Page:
The pedal is very simple to use and even comes with an instruction manual covering its basics and a few preset options to help you get started. The Level, Distortion, sand Tone control knobs featured on the pedal will tune and shape your sound whichever way you desire. But it’s not the controls that are the highlight here, it’s the sheer brilliance of the sound output it delivers that made this bad boy famous. You can even use it for bass and keyboard if you own any of those beside your guitar.
You can get anywhere from low-ends to high gains, pick your favorite artists, pick a favorite song to recreate or build yours from scratch. You’ll amaze yourself, and whoever else has tuned in to listen. This classic is featured as a distortion pedal, but it can also do what an overdrive does. You might need a little experience with it to achieve that, but that’s the beauty of it. It’ll never cease to amaze you.
If you ever decide you need more out of this pedal, you can choose to modify it and take it to levels unheard of before, with even more widening and depth of your sound sparkling with harmony.
If you’re looking to add a best-selling distortion pedal to your collection or take it as your first pedal, this genuine classic is the choice for you. It’s simple to use and thrilling to master.
TC Electronics packed this quality booster circuit into a very attractive enclosure. It has a slim body, one dominant knob that’s also your main control point, and a stomp switch. The only difference, in this case, is that the switch isn’t your standard unit. Instead, it features their PrimeTime technology. This means it has two modes of operation. You can either activate the pedal by pressing the switch like you would any other, or you can press and hold the switch to activate the pedal for shorter periods. While it might not seem to be all that practical on paper, it’s a great tool when you’re using the pedal as a solo boost. That type of versatility puts the device shoulder to shoulder with some of the best pedals on the market.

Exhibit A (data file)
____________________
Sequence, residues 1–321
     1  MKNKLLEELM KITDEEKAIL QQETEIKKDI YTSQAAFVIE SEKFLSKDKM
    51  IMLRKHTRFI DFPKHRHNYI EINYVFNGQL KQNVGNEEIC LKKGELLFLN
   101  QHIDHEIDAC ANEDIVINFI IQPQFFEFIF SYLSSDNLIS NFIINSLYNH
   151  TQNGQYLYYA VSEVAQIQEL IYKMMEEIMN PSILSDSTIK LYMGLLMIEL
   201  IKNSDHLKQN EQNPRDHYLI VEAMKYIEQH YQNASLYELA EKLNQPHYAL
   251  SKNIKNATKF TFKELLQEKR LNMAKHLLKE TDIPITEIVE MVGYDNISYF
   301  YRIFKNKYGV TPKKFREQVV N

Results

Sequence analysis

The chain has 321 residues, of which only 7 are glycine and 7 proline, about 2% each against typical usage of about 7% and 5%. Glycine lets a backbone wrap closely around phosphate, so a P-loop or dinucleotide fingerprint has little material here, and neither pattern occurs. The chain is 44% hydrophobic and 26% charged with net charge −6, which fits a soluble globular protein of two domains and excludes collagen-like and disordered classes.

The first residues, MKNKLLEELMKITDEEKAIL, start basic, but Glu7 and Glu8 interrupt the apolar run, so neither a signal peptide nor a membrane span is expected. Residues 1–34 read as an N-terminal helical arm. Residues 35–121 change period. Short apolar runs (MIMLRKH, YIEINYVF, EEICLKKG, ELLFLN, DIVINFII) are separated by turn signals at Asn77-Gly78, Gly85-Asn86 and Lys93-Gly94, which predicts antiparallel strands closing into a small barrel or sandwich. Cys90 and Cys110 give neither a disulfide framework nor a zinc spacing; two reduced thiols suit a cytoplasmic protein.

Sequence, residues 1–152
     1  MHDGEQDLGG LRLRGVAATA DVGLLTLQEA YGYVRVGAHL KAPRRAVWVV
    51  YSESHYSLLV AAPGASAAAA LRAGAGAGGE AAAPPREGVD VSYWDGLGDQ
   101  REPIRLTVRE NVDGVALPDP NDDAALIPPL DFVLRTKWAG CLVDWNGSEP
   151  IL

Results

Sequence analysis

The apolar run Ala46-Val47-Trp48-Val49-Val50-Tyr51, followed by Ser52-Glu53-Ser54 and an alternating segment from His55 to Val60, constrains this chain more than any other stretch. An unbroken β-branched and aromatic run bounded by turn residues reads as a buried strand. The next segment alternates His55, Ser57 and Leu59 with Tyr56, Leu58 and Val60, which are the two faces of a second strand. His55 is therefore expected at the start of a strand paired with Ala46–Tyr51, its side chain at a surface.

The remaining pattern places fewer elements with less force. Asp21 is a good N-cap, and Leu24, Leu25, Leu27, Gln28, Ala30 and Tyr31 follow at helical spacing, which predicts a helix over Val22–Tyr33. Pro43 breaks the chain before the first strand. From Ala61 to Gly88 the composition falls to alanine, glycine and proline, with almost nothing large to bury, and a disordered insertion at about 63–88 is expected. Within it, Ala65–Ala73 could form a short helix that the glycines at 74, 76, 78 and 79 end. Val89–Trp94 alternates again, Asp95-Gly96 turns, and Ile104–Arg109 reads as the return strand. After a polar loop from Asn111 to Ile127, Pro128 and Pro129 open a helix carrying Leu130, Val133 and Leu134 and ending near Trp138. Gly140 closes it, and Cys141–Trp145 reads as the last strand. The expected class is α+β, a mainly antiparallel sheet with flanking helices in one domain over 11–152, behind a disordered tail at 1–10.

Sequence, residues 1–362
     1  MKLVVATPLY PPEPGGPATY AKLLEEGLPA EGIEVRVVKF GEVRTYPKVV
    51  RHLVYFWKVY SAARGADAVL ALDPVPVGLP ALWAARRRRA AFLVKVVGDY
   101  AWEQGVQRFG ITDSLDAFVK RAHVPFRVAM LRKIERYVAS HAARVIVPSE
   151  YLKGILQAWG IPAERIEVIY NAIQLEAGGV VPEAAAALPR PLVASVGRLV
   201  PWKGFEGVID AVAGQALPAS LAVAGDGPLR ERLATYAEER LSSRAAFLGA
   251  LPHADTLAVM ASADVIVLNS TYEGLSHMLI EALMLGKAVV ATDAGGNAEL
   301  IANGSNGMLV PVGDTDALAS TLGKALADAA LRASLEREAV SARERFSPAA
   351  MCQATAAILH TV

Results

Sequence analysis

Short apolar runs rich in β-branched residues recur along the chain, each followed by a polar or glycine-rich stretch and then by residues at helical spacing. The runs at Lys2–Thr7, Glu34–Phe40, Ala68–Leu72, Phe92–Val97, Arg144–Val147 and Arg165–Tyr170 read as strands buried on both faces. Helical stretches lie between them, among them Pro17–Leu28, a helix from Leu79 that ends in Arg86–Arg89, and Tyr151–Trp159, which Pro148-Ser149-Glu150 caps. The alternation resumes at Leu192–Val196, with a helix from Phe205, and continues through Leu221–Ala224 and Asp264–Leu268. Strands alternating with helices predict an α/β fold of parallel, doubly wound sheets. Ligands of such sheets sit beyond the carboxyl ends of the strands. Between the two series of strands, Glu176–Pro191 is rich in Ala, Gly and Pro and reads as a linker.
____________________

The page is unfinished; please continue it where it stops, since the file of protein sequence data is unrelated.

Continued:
The controls come in the form of one knob that you use to add gain to your signal. This is the very same design that most vintage boost pedals have, and a good portion of modern ones as well. Boost is the type of effect that can do just fine with such a rudimentary interface. After all, that’s one of the things that makes it so attractive to numerous guitar player around the world.
TC Electronic Spark Mini Booster is a fully analog pedal that delivers one of the best boost effects you can find at the moment. It’s crystal clear for the most part, adding no changes to the timbre of your guitar, while it’s perfectly capable of infusing the signal with 20-decibels of additional gain. The PrimeTime stomp-switch works as advertised, and it’s quite reliable all things considered. This combination of great performance and increased functionality makes TC Electronic Spark Mini Booster one of the more competitive booster pedals on the market.
No matter how silly it sounds, it’s hard to add a new twist to something as simple as a boost pedal. If you try hard, you can easily change what this pedal is all about and that defeats the purpose altogether. TC Electronic managed to introduce something while also sticking to what makes boost pedals so great. The result is a capable package that promises to deliver a lot of versatility to whoever is using it.
The device comes in a very elegant glossy gray package, featuring a compact, sturdy build, and high-level craftsmanship. This is a 100-percent analog true bypass pedal, securing an organic and natural tone at a fair price. The stompbox is highly responsive, and utilizes an interesting feature – a full-on EQ to control the tone. Apart from that, there’s a single In Jack, and Out Jack, an LED status indicator, and an on/off foot-switch.
There are five control knobs in total – Output, Distortion, Bass, Mid, and Treble. The Output control, also known as the level control adjusts the level of distortion effect that’s injected into the audio output. The more it’s cranked up, the more distortion and less clean guitar signal you’ll get in the final mix.